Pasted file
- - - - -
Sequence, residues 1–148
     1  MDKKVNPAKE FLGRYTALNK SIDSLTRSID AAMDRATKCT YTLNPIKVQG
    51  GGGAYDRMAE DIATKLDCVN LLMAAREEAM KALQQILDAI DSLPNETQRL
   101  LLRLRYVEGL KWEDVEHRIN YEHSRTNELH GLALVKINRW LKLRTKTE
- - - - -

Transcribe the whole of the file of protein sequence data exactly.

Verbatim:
Sequence, residues 1–148
     1  MDKKVNPAKE FLGRYTALNK SIDSLTRSID AAMDRATKCT YTLNPIKVQG
    51  GGGAYDRMAE DIATKLDCVN LLMAAREEAM KALQQILDAI DSLPNETQRL
   101  LLRLRYVEGL KWEDVEHRIN YEHSRTNELH GLALVKINRW LKLRTKTE